With warm weather a few weeks away, the months of January and February are when many gardeners across the country start to plan for their upcoming season. Whether you manage acres of farmland, or just a small plot of green space, gardeners all over can benefit by starting seeds indoors well before the planting season officially begins.
Starting seeds indoors can be both a budget-friendly and effective way to have a healthy garden come spring and summer.
But if you’re new to seed starters, how do you proceed, and what do you need to know?
Start with these common FAQs that will outline the basics of starting seeds indoors. Any gardener can get a jumpstart on the 2019 planting season. And green-thumbed enthusiasts can enjoy a bit of gardening all year long!
FAQs for Starting Seeds Indoors Before Planting in Your Garden
Why should you start seeds indoors?
Starting seeds indoors can give your upcoming crops a head start on the season. It allows tender seedlings to thrive in a stable and controlled environment, without the risk of frost or outdoor pests.
For casual gardeners, starting seeds indoors is also less expensive. You can avoid buying already established plants to transplant into the ground when the warmer weather officially arrives. In addition, in regions of the country with a shorter growing season, (particularly the northern states), starting seeds indoors first can actually extend your season, leading to a longer harvest.
What supplies do you need?
The supplies you’ll buy all depends on the size of your garden, your local climate, and the produce you want to grow in 2019.
A local gardening shop or garden market can provide a lot of help when it comes to specifics.
But generally speaking, you’ll need:
- Either plastic or biodegradable (peat) containers or trays
- A clear plastic cover, (although loosely fitting and elevated plastic wrap can work too)
- Special interior lights, or a well-lighted interior area
You’ll also want to pick up some nutrient-rich potting soil, (there are lots of varieties designed for veggies). And, naturally, you’ll buy the packets of seeds you’d like to grow in 2019!
Which seeds can be started indoors?
If you’ve never tried starting seeds indoors, start with a few reliable and hardy varieties of seeds, such as peppers, tomatoes, basil, and marigolds. Tip – blooming marigolds are also a great natural pest preventer both inside and outside in your garden!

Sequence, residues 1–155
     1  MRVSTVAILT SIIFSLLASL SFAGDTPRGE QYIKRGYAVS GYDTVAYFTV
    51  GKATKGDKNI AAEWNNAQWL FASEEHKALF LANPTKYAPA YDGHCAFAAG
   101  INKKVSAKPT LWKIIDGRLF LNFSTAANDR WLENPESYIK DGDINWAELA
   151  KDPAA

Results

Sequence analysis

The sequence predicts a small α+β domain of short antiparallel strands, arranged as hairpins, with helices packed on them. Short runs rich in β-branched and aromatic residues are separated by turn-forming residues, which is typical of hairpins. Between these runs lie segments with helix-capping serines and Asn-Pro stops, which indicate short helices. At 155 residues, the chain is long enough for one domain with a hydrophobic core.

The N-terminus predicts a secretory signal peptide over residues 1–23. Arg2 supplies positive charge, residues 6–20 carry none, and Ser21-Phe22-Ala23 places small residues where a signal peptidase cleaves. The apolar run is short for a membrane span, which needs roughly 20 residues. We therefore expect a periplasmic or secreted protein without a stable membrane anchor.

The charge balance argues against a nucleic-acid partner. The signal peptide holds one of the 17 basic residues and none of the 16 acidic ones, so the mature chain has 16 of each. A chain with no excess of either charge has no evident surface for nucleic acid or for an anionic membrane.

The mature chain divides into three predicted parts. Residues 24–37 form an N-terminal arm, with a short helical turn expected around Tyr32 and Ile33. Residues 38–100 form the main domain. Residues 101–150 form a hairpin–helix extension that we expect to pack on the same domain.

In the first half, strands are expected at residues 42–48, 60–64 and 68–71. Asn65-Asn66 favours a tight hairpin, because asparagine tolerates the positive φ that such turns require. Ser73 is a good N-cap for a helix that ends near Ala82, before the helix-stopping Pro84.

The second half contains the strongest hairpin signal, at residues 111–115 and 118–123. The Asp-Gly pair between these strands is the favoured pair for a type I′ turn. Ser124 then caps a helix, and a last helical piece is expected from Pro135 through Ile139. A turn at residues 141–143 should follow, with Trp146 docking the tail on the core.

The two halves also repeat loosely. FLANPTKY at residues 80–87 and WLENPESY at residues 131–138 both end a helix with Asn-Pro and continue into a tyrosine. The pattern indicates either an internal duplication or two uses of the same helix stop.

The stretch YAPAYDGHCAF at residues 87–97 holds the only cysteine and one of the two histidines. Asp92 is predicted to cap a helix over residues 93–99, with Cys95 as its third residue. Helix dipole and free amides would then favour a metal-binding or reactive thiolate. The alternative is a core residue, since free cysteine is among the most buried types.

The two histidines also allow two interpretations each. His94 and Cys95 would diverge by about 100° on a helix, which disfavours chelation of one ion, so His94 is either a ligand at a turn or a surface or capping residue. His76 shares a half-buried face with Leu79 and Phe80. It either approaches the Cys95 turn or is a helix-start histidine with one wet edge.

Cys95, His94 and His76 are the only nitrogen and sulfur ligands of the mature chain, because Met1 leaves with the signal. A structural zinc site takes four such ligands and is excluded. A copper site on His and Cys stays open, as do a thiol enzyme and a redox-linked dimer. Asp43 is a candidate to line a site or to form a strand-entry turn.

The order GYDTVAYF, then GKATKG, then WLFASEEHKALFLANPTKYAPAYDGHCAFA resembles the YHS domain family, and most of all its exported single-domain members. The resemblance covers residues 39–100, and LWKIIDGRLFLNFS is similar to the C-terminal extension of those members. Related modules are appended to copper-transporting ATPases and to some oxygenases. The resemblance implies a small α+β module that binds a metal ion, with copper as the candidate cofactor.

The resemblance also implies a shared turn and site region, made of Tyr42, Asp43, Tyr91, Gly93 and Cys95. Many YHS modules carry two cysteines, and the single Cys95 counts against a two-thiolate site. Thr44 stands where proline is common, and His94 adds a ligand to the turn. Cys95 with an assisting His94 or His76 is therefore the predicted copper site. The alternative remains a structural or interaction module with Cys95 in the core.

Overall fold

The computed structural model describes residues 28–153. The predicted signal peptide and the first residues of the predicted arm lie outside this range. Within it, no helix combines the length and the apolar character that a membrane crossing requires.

Note that there are some vegetables, and especially root vegetables like potatoes and carrots, which can be started indoors. But these tend to perform better being sowed directly into the ground. Root vegetables can also withstand a frost or two, which makes them safer to plant outside early.
When should you plant your indoor seeds?
Generally speaking, you should initially plant your seeds about 6-8 weeks before your last estimated spring frost date.
If you’re not sure where this falls on the calendar, talk to your local landscaping and garden market pros, or pick up a Farmers’ Almanac for a little guidance.
When should you transplant your seedlings?
When the seedlings have gotten too large for their trays or containers, and if you see visible roots when you remove the condensed soil from the tray, then it’s time to put your seedlings in the ground to give them more room to breathe and grow. If it’s still too early to plant outdoors, you can also transplant your seedlings to larger containers as needed.
Along the way, you’ll want to thin out any excess seedlings to let the stronger plants in each individual container thrive, and you’ll also want to “harden” your plants before putting them outside, which entails placing them outside for a few hours every day to allow them to get used to the new outdoor climate.
What about watering?
If you use a well or municipal water, or if you have hard water, then you may want to look into acquiring a rainwater harvesting system to help your indoor plants thrive.
Excess chemicals, sediments and minerals in tap water can deter growth and can stunt seedlings, and you’ll want your seedlings to eventually get used to all outdoor weather conditions – which includes fresh rainfall. A rainwater harvesting system allows you to apply the freshest water possible throughout the growing process, which can benefit plants more than anything else.
Starting seeds indoors can be a fun wintertime project for gardeners, with potentially big results. Start small as needed if you’re new to the process, use care to provide the best quality water and soil, and get a head start on your 2019 garden well before the spring officially arrives.